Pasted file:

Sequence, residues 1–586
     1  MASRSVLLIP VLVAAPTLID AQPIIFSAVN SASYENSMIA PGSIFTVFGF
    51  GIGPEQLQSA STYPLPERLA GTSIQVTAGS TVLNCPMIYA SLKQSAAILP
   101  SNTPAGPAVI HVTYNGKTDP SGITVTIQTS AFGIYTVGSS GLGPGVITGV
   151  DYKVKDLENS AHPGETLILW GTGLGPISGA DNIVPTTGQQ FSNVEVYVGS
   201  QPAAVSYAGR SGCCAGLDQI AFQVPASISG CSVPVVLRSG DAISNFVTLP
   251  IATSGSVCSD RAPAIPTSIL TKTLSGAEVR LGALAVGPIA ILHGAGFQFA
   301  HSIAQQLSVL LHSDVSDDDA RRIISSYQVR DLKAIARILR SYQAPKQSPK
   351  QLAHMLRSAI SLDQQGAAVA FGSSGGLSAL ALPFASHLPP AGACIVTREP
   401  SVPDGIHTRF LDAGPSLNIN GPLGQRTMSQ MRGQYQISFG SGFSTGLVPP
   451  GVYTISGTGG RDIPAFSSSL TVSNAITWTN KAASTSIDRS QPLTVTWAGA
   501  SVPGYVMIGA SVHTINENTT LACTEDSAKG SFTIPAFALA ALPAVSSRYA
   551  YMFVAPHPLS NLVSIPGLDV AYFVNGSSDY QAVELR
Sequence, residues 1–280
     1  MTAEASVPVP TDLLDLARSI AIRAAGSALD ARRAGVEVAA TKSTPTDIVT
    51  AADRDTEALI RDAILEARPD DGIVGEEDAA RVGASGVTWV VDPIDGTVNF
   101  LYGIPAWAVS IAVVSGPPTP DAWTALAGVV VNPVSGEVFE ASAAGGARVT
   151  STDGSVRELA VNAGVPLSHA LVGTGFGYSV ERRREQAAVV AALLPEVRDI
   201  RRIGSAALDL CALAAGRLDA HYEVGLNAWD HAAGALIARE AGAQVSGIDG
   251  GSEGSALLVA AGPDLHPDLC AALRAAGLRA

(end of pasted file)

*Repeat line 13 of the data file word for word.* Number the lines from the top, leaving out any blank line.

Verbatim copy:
   551  YMFVAPHPLS NLVSIPGLDV AYFVNGSSDY QAVELR